Grade 7

1 map skills (focus: Local maps)

2 Earthquakes, volcanoes and floods

3 Population growth and change (focus: World)

4 Natural resources and conservation in South Africa

Grade 8

1 maps and globes (focus: Global and local)

2 Climate regions (focus: South Africa and world)

3 Settlement (Africa with a focus on South Africa)

4 Transport and trade (focus: South Africa and world)

Grade 9

1 maps skills (focus: Topographic and orthophoto maps)

2 Development issues (focus: South Africa and World)

3 Surface forces that shape the earth (Physical Geography)

4 Resource use and sustainability (focus: World)

toPiC Grade 10

1 The composition and structure of the atmosphere

2 Plate tectonics, folding, faulting, volcanoes and earthquakes

3 Population: structure, growth and movement

4 Water in the world: Oceans, flooding, water management

5 Geographical techniques: Topographic maps, GIS

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Grade 11

1 Global air circulation, Africa’s weather and climate

2 Rocks and landforms, slopes, mass movements

3 Development: Differences, issues and opportunities

4 Resources and sustainability: Soil, energy

5 Geographical techniques: Topographic maps, aerial photos, orthophoto maps, GIS

Grade 12

1 Climate and weather: Cyclones, local climate

2 Geomorphology: Drainage systems and fluvial processes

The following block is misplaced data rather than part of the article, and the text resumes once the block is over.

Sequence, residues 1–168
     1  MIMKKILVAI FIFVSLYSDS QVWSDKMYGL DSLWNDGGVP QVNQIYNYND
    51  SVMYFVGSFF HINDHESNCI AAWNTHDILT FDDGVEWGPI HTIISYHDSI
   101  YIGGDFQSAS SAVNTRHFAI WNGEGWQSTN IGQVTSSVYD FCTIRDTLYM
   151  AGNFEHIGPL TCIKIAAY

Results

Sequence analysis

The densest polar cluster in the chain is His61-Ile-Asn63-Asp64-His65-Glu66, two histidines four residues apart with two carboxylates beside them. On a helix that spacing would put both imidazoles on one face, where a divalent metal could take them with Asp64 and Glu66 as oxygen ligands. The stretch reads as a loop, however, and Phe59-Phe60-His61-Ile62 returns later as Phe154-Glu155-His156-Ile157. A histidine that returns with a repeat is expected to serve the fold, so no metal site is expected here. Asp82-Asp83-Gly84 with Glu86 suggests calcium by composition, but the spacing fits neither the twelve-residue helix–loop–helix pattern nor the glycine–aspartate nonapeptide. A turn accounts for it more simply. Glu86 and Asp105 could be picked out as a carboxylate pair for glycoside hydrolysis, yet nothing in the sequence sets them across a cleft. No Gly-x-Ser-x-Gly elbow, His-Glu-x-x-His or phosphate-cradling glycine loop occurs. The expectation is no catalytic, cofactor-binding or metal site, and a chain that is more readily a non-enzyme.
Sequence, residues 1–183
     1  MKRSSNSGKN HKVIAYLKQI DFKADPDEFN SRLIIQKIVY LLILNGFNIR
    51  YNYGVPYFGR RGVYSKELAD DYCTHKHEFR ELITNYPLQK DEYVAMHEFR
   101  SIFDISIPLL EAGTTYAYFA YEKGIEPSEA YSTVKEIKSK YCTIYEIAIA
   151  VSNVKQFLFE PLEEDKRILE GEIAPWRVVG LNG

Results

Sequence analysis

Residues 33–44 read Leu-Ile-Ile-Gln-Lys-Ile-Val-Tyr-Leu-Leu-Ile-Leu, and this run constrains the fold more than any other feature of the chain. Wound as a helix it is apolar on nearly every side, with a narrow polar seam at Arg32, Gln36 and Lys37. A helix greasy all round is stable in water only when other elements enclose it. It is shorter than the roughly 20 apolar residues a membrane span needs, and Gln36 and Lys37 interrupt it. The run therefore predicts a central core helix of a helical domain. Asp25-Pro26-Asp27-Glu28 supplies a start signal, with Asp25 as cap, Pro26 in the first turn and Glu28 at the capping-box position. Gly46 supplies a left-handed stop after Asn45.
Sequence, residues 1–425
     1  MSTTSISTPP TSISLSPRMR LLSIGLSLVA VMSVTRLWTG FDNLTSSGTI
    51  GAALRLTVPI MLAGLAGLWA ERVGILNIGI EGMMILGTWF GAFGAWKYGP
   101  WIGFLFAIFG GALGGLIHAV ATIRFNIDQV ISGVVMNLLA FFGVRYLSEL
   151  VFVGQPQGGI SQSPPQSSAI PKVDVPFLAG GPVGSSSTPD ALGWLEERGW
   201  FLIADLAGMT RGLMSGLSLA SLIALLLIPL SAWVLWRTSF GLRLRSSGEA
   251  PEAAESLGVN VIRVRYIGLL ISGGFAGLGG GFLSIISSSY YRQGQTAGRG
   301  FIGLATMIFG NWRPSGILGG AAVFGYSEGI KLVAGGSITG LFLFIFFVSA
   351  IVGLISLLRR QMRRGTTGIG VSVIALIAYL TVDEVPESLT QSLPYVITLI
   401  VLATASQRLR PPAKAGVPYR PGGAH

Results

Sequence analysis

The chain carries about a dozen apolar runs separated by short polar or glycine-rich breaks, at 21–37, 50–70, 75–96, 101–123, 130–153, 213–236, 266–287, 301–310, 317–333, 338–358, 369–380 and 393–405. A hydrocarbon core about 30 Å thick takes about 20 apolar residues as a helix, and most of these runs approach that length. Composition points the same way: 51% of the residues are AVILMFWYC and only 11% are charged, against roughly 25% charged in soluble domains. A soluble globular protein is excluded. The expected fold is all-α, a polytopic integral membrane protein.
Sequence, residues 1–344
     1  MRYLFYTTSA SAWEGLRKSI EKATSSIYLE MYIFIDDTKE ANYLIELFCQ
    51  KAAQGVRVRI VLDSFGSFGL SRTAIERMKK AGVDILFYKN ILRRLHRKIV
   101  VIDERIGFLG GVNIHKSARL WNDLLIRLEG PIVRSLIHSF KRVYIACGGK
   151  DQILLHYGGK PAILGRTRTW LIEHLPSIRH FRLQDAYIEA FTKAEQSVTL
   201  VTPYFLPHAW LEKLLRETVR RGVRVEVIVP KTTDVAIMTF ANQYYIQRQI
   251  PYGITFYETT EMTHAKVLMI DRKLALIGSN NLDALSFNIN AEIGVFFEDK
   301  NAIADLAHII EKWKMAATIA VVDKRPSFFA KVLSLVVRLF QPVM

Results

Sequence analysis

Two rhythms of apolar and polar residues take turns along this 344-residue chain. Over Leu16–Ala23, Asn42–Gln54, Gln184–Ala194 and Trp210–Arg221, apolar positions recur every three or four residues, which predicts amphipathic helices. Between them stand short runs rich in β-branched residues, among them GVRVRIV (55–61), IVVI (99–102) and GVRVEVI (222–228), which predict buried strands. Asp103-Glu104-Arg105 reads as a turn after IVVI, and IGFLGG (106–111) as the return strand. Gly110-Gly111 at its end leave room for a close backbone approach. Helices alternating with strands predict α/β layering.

3 Rural and urban settlement

4 Economic geography of South Africa

5 Geographical techniques: Topographic maps, GIS, synoptic weather maps

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SECTION 3

3.1 senior PHase GeoGraPHy: outline oF WHat is to Be tauGHt

Grade 7: senior PHase GeoGraPHy term 1

topic:

map skills

(Focus: local maps)

suggested contact time:

one term/15 hours

recommended resources

• Local maps of the area*

• Street maps

• Rulers and string

• Atlases

• News reports

Content and concepts

• local maps and street maps * 2 hours

- Finding home, school and places of interest on a map of the local area*

- Using an index and grid to locate places in a street guide

- Using a street map to find places and describe a route

• sketch maps and explaining routes 3 hours

- Sketching maps to show the route from one place to another

- Determining and showing compass directions on a local sketch map

- Explaining a route verbally (include estimating distances)

• sketch map of local area (Project**) 1 hour

- Drawing a sketch map(s) of own area ***.

o Include symbols, key and scale.